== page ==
A critical comparison of technologies for a plant genome sequencing project

Paajanen, Pirita, Kettleborough, George, López-Girona, Elena, Giolai, Michael, Heavens, Darren, Baker, David, Lister, Ashleigh, Cugliandolo, Fiorella, Wilde, Gail, Hein, Ingo, MacAulay, Iain, Bryan, Glenn J. and Clark, Matthew D. (2019) A critical comparison of technologies for a plant genome sequencing project. GigaScience, 8 (3). ISSN 2047-217X

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Background A high-quality genome sequence of any model organism is an essential starting point for genetic and other studies. Older clone-based methods are slow and expensive, whereas faster, cheaper short-read-only assemblies can be incomplete and highly fragmented, which minimizes their usefulness. The last few years have seen the introduction of many new technologies for genome assembly. These new technologies and associated new algorithms are typically benchmarked on microbial genomes or, if they scale appropriately, on larger (e.g., human) genomes. However, plant genomes can be much more repetitive and larger than the human genome, and plant biochemistry often makes obtaining high-quality DNA that is free from contaminants difficult. Reflecting their challenging nature, we observe that plant genome assembly statistics are typically poorer than for vertebrates. Results Here, we compare Illumina short read, Pacific Biosciences long read, 10x Genomics linked reads, Dovetail Hi-C, and BioNano Genomics optical maps, singly and combined, in producing high-quality long-range genome assemblies of the potato species Solanum verrucosum. We benchmark the assemblies for completeness and accuracy, as well as DNA compute requirements and sequencing costs. Conclusions The field of genome sequencing and assembly is reaching maturity, and the differences we observe between assemblies are surprisingly small. We expect that our results will be helpful to other genome projects, and that these datasets will be used in benchmarking by assembly algorithm developers.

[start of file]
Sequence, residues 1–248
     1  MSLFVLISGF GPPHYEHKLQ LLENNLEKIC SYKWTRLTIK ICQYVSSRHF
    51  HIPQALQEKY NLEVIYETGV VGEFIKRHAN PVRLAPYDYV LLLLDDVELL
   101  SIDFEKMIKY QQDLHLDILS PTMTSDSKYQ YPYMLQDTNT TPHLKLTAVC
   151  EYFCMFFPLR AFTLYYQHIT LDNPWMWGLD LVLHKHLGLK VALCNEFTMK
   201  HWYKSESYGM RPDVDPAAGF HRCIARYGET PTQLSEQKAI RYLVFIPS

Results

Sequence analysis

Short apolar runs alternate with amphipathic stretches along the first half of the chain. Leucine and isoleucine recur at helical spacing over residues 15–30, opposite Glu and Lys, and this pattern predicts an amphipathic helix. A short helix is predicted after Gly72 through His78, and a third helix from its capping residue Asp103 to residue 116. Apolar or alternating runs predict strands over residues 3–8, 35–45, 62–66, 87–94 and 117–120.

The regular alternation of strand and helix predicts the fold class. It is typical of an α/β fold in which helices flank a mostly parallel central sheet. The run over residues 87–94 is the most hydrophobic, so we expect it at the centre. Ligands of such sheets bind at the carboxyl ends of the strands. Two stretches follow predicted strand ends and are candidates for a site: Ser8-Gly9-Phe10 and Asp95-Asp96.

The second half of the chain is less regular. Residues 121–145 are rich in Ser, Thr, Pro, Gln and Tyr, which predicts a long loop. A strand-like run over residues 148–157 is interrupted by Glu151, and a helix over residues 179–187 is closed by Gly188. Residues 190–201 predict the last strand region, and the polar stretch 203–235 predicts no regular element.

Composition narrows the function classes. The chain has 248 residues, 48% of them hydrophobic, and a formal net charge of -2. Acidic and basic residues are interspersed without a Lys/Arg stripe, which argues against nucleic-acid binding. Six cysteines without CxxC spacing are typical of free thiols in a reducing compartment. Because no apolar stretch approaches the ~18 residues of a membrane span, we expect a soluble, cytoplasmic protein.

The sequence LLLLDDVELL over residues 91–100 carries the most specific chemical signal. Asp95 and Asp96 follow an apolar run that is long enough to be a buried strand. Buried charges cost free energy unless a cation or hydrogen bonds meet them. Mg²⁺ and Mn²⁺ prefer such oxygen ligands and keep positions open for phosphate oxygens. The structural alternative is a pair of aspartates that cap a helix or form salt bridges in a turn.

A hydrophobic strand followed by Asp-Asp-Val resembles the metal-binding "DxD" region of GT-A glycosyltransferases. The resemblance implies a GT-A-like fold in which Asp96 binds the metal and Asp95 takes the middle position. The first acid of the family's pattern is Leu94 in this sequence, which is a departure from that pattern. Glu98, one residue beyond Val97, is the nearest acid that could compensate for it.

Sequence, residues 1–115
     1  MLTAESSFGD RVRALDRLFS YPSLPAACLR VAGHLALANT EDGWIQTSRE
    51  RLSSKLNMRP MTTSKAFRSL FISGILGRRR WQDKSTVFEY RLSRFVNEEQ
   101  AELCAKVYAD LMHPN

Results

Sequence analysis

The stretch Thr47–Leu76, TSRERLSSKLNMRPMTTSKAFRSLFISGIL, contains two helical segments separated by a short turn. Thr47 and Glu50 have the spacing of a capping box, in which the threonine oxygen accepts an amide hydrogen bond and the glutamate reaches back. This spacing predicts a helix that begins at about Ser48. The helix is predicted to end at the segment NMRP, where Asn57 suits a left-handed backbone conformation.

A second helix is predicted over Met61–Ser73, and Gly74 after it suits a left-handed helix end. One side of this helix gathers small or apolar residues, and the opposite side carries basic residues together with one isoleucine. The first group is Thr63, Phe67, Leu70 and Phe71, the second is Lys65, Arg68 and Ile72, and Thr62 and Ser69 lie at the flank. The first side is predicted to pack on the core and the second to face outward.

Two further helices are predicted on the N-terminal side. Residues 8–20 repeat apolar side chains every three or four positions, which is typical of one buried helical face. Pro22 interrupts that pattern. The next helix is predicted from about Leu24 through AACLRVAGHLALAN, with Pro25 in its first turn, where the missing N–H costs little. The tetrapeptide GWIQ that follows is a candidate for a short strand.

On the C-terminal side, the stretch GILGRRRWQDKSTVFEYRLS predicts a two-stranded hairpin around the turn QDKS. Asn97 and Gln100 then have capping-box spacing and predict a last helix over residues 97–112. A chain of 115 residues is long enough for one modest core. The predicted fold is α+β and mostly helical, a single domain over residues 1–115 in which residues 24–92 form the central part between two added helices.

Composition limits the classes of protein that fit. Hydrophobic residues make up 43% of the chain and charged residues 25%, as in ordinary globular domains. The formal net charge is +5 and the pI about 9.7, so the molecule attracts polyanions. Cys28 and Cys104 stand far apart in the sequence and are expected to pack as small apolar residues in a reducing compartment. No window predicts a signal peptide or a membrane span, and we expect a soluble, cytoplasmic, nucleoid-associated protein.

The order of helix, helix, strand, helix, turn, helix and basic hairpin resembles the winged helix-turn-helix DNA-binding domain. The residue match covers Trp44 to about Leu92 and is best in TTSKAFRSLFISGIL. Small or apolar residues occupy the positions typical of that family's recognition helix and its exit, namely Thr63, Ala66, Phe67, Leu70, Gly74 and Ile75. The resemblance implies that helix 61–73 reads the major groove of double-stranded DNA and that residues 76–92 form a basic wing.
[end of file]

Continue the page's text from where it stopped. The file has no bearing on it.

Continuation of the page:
Item Type: Article
Additional Information: Funding Information: This work was funded with BBSRC project grants (BB/K019325/1) and (BB/K019090/1). This work was strategically funded by the BBSRC, Core Strategic Programme Grant (BB/CSP17270/1) at the Earlham Institute. High-throughput sequencing and library construction was delivered via the BBSRC National Capability in Genomics (BB/CCG1720/1) at the Earlham Institute (EI, formerly The Genome Analysis Centre, Norwich), by members of the Platforms and Pipelines Group. This research was supported in part by the NBI Computing infrastructure for Science (CiS) group through the HPC cluster and UV systems. We thank Duke University for providing sequencing costs via Dugsim (https://dugs im.net/). Publisher Copyright: © 2019 The Author(s). Published by Oxford University Press.
Uncontrolled Keywords: 10x genomics,assembly,long reads,optical mapping,pacbio,pacific biosciences,short reads,health informatics,computer science applications ,/dk/atira/pure/subjectarea/asjc/2700/2718
Faculty \ School:
Faculty of Science > School of Biological Sciences
Related URLs:
Depositing User: LivePure Connector
Date Deposited: 01 Nov 2022 16:30
Last Modified: 17 Nov 2022 14:30
URI: https://ueaeprints.uea.ac.uk/id/eprint/89489
DOI: 10.1093/gigascience/giy163

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